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Recruiting a self-managing team
Recruiting a self-managing team

In West Suffolk we are implementing a new way of community care based on the Dutch Buurtzorg model and will be establishing our first Test and Learn site in the Autumn.

This way of working will represent a real cultural change to those who join the Test and Learn. 

They will be a central part of testing this neighbourhood-based, holistic and person-centred care model which aims to wrap care not only around the patient but also their wider informal network.  They will take a leadership role in exploring how the model can be adapted to the UK context and how it relates and interacts with the wider system. 

They will also need to learn to work in a very different way.

Self-managing teams
The model is founded on the establishment of self-managing, non-hierarchical teams.  The team will be made up of nurses and nurse assistants, based on a 70/30 split.  Nursing and non-nursing tasks will be shared amongst the team. 

The test team will be accountable to each other and to the people they support.

Coaches not managers will support the team, and the team is encouraged to take a solution focussed approach to all aspects of their work. 

What values do we need to recruit to?
The success of the test and Learn is inextricably linked to the people who will lead the change.  In the Netherlands, the Buurtzorg model was established by a small group of community nurses with a passion for this way of working, and has grown as a movement of like-minded individuals who are recruited by the Buurtzorg nurses themselves.

In establishing the model in West Suffolk, our aim has always been to start as close to the model as possible and to embrace the key principles of this way of working.  The Buurtzorg team of nurses and nurse assistants must be at the centre of leading the change.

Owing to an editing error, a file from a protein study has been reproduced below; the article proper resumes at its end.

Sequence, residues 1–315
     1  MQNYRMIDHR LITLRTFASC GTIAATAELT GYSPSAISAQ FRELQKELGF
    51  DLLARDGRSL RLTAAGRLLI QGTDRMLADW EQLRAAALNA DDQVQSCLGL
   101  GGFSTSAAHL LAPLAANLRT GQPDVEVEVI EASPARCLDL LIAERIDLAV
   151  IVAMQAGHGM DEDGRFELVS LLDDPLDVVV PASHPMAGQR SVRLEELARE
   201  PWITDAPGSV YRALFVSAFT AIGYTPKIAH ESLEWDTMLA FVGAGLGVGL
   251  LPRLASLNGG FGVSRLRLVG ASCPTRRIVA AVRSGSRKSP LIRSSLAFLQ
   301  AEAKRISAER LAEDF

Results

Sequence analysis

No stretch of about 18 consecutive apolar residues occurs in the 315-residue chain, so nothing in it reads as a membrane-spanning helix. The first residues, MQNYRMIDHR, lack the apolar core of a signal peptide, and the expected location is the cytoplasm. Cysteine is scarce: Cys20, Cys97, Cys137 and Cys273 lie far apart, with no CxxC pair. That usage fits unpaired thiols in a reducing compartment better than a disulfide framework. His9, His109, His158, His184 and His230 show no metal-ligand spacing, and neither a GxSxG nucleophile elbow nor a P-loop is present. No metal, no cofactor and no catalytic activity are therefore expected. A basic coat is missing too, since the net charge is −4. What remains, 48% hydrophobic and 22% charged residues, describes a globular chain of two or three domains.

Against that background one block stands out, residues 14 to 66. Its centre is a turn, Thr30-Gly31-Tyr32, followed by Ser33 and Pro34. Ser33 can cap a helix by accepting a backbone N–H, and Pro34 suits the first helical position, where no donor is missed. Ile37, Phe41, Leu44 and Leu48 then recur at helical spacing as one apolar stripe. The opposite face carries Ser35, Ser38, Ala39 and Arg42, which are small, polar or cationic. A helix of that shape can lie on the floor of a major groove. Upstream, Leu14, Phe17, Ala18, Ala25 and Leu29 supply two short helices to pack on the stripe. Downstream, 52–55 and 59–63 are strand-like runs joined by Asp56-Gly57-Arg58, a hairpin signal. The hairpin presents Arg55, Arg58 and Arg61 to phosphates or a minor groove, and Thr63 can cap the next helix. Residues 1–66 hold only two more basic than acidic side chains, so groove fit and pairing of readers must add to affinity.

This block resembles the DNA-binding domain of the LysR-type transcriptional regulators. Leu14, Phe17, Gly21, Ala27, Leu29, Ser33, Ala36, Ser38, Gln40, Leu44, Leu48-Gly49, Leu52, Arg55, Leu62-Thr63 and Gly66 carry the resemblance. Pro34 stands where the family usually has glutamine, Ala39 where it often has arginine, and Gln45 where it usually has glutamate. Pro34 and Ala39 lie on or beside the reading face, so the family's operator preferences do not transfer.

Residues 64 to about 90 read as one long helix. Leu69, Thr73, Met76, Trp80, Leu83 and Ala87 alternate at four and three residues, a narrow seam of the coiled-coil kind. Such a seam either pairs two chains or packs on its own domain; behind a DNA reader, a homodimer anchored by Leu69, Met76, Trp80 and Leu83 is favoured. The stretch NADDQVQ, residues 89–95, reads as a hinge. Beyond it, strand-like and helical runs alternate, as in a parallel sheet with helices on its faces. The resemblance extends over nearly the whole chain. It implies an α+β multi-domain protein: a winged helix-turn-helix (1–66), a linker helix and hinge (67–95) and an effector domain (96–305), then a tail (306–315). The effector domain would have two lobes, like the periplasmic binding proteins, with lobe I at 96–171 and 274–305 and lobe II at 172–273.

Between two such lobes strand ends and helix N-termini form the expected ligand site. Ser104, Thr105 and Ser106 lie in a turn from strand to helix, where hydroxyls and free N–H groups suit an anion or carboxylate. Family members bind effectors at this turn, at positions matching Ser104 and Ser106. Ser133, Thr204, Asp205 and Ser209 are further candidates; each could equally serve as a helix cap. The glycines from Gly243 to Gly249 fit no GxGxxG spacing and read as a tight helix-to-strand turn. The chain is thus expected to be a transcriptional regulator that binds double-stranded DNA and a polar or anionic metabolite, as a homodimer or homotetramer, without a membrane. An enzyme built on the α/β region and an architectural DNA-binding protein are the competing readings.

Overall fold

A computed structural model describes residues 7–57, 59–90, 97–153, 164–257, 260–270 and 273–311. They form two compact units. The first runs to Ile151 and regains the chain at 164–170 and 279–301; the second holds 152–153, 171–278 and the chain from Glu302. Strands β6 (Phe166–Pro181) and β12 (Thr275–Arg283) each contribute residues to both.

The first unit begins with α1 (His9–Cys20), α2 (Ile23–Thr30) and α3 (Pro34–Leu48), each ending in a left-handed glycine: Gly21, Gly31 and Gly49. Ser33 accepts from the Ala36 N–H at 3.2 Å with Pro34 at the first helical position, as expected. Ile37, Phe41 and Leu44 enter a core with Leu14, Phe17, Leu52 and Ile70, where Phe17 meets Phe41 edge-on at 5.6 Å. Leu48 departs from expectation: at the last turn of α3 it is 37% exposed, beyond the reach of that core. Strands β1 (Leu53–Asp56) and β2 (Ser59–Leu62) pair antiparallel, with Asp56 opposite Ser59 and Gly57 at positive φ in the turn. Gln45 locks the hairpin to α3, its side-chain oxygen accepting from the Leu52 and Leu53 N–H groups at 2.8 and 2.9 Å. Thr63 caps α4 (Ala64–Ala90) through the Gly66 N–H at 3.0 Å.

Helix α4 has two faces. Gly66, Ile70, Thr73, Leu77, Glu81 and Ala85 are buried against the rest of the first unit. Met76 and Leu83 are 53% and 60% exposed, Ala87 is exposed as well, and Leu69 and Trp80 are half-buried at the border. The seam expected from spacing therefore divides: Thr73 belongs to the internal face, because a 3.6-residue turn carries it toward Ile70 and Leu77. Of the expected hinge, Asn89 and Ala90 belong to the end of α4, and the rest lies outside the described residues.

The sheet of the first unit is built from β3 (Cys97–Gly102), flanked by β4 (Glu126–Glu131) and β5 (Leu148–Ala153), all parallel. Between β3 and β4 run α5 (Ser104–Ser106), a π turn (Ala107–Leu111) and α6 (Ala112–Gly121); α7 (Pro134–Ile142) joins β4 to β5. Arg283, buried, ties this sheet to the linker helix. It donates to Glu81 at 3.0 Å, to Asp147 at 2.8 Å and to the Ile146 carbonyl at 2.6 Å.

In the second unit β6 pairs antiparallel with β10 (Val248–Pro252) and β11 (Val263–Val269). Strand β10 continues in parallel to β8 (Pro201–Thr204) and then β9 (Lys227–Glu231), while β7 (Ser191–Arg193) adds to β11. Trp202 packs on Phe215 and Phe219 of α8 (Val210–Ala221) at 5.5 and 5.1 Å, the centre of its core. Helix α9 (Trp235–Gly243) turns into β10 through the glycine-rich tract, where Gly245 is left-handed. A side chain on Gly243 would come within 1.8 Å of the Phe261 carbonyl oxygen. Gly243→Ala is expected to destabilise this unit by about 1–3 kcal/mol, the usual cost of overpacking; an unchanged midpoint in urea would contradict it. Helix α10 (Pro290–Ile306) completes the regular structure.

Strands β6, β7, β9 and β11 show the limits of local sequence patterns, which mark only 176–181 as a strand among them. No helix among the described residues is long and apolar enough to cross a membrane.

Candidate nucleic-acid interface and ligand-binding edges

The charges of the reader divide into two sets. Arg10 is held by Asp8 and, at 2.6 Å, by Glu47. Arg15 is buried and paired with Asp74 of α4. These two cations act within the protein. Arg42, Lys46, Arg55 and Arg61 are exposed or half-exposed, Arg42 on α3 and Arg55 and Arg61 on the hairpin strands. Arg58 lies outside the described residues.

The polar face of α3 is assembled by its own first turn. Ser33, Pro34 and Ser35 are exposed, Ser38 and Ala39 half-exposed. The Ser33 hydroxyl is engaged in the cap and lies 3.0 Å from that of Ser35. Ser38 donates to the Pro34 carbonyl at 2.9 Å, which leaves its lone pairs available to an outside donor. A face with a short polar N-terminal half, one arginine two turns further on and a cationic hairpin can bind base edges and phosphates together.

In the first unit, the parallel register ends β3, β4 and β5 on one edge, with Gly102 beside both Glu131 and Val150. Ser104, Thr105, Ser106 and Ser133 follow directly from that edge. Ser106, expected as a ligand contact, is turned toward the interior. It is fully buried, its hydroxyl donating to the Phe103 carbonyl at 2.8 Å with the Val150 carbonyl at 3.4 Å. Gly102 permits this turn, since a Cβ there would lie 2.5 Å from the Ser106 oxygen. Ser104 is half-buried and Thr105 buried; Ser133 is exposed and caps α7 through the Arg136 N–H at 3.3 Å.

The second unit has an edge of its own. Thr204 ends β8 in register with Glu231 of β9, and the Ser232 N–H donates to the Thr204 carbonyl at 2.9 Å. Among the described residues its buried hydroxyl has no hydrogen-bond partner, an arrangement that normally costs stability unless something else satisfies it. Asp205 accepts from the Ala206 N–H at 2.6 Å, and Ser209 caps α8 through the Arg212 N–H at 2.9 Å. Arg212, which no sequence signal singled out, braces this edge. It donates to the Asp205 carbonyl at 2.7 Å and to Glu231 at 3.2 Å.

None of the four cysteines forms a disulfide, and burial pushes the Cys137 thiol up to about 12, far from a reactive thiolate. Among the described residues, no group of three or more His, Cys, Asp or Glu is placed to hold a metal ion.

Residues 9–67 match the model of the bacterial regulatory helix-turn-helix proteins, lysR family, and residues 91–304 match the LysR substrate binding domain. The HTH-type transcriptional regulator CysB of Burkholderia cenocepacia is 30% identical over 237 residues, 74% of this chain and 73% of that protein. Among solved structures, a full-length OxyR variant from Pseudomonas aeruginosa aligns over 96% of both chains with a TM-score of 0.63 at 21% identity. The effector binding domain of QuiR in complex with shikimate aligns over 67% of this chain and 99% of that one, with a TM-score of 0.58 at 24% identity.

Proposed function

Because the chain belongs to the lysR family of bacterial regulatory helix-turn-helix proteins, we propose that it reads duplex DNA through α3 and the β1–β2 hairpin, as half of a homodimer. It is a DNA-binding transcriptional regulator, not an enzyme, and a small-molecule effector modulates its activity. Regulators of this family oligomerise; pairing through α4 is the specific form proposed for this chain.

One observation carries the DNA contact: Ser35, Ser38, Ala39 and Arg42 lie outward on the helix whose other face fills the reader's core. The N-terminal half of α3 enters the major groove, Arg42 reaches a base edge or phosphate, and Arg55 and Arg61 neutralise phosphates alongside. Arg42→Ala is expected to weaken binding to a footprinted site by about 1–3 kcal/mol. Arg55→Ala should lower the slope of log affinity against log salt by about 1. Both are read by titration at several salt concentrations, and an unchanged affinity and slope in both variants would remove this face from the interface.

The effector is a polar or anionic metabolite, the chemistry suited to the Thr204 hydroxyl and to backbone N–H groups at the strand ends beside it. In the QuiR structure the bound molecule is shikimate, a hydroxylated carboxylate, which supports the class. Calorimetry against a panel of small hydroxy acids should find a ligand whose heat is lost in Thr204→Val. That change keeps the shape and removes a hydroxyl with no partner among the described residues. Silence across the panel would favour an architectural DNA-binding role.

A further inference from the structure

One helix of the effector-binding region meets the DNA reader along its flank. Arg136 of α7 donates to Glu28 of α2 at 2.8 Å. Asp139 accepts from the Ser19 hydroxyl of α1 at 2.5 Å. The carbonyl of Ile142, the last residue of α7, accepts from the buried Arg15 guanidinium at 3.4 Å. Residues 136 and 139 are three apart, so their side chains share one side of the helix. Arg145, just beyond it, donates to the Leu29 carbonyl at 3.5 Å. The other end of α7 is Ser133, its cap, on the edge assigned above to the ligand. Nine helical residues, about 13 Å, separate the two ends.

One of our biggest challenges has been how to find our first group of nurses who have the right values and behaviours to lead this way of working.

We started by analysing the Buurtzorg approach and identifying the values we would need to recruit to, to ensure that the team could embrace this way of working.  These included:
- Compassionate and empathetic
- Communicative
- Solution driven
- Collaborative
- Insightful
- High integrity

Our approach
We knew that we needed to recruit a team, not just a number of individuals.  We knew that a high performing team needed people who not only had compatible values and behaviours with the model, but also with each other.

We started with 6 weeks of engagement activities to socialise the model with existing staff within the wider system.

We also agreed that the model needed a different approach to recruitment. 

We designed an assessment day with tasks and challenges to help us to identify the individuals who would be suited to this way of working and who had the rapport to make an effective team.  There were four key elements to the day:

1. Supporting the candidates

Our aim for the day was to get the best out of the candidates.  We were aware that many would not have taken part in such an involved assessment process before and were keen to ensure that they were comfortable and able to behave as naturally as possible given the circumstances. 

We appointed a neutral, facilitator who was there to support the candidates throughout the process, rather than the assessors.  The facilitator and the candidates started the assessment day with a joint lunch and a getting to know you session away from the assessors.